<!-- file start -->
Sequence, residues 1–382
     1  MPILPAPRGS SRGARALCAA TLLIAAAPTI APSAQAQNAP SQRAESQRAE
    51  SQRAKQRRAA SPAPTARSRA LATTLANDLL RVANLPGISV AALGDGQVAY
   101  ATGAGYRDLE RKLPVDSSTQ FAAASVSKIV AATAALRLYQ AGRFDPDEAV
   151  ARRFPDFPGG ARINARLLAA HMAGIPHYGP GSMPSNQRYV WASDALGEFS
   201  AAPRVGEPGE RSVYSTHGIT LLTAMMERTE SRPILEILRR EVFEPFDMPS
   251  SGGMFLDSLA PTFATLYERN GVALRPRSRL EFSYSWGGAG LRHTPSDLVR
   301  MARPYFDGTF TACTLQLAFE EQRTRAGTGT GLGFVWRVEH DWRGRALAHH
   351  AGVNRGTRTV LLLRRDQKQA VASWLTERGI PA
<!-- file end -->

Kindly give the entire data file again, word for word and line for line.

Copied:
Sequence, residues 1–382
     1  MPILPAPRGS SRGARALCAA TLLIAAAPTI APSAQAQNAP SQRAESQRAE
    51  SQRAKQRRAA SPAPTARSRA LATTLANDLL RVANLPGISV AALGDGQVAY
   101  ATGAGYRDLE RKLPVDSSTQ FAAASVSKIV AATAALRLYQ AGRFDPDEAV
   151  ARRFPDFPGG ARINARLLAA HMAGIPHYGP GSMPSNQRYV WASDALGEFS
   201  AAPRVGEPGE RSVYSTHGIT LLTAMMERTE SRPILEILRR EVFEPFDMPS
   251  SGGMFLDSLA PTFATLYERN GVALRPRSRL EFSYSWGGAG LRHTPSDLVR
   301  MARPYFDGTF TACTLQLAFE EQRTRAGTGT GLGFVWRVEH DWRGRALAHH
   351  AGVNRGTRTV LLLRRDQKQA VASWLTERGI PA